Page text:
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Verbal Aspect, the Indicative Mood, and Narrative

Soundings in the Greek of the New Testament

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Constantine R. Campbell

Verbal aspect in Ancient Greek has been a topic of significant debate in recent scholarship. In this book, Constantine R. Campbell investigates the function of verbal aspect within New Testament Greek narrative. He argues that the primary role of verbal aspect in narrative is to delineate and shape the various ‘discourse strands’ of which it is constructed, such as mainline, offline, and direct discourse. Campbell accounts for this function in terms of the semantic value of each tense-form. Consequently, in the search for more effective conclusions and explanations, he challenges and reassesses some of the conclusions reached in previous scholarship. One such reassessment involves a boldly innovative approach to the perfect tense-form.

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Chapter One: Methodological Issues 7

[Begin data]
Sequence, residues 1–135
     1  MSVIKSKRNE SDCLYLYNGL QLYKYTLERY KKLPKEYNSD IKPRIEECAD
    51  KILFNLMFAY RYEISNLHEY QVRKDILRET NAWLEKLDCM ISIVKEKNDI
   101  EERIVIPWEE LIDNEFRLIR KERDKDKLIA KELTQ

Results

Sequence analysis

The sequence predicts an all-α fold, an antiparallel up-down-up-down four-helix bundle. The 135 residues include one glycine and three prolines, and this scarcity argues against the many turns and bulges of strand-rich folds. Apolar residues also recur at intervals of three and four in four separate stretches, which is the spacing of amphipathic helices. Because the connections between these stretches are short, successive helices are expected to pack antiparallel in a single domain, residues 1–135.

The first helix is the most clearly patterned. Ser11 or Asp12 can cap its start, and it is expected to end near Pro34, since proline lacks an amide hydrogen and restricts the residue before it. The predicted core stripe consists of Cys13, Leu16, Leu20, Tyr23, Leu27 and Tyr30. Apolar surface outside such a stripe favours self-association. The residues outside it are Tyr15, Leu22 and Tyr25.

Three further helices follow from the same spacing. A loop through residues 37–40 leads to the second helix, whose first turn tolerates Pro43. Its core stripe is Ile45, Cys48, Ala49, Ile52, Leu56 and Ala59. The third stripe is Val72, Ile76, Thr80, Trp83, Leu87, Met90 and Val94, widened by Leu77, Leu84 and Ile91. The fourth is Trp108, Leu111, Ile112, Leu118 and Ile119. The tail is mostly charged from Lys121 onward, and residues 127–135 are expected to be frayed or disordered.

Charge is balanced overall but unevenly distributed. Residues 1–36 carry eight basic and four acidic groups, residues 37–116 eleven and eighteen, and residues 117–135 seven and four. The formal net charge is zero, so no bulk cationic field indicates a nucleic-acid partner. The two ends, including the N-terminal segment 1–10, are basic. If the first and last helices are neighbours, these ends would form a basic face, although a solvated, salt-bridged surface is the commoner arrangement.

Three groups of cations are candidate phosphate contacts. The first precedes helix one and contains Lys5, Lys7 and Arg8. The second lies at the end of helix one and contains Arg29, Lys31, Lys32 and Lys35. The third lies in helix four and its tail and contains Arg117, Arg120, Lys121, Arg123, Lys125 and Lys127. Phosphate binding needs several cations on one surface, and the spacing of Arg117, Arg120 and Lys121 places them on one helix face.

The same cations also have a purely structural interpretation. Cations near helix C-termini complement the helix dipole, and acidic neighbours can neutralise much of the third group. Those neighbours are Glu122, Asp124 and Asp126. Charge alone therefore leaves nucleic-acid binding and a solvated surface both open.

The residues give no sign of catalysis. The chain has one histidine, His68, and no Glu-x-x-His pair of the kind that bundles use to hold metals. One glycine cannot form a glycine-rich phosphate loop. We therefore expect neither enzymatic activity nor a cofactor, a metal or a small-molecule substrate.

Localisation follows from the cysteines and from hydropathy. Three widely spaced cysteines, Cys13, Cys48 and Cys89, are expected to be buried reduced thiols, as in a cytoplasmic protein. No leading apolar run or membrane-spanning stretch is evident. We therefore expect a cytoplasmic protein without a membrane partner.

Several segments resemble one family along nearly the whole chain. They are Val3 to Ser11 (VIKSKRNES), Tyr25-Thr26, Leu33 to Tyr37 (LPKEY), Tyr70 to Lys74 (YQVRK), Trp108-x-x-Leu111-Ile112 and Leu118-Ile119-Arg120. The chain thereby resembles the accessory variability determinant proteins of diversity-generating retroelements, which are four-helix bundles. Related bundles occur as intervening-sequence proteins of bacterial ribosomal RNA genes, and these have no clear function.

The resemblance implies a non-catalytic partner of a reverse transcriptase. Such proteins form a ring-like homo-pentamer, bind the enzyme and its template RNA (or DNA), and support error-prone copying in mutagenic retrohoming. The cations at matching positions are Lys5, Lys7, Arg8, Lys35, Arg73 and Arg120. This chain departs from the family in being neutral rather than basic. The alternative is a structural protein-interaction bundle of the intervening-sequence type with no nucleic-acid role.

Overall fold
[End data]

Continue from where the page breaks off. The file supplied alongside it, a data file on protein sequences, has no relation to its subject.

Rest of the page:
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CHAPTER ONE Methodological Issues 1. Introduction The literature concerning Ancient Greek verbal aspect demonstrates that, while there are important areas of agreement, there are also a number of issues as yet unresolved, or at best multifariously expounded.1 A significant factor contributing to this state of affairs is the precarious state of methodology in this arena.2 It is rare to find work on Greek aspect that deliberately and clearly expresses a defined and considered methodological approach. Assumptions are made without explanation; linguistic approaches are adopted without due regard to competing models; terminology lacks precision, not to mention universal application, and so it goes.3 No doubt part of the reason for this is that method is an issue of considerable difficulty in aspectology; it is not patently obvious how to proceed, nor what the presuppositional and linguistic issues really are. Hence this chapter. The aim here is to provide a detailed and reasonably comprehensive account of the methodological issues involved in Greek aspect studies. Undoubtedly I will have my own methodological blind spots, and there will be points at which the reader may disagree with the methodological choices made here, but the approach will be transparent and the assumptions made will be acknowledged as such. ––––––– 1 Indeed, some even reject the category altogether; see C. J. Ruijgh, ‘L’emploi “inceptif” du thème de présent du verbe grec’, Mnemosyne 38 (1985), 7–9. 2 ‘Certainly, any methodological monopoly is quite unjustified at the present time.’ Schuyler Brown, ‘Biblical Philology, Linguistics and the...

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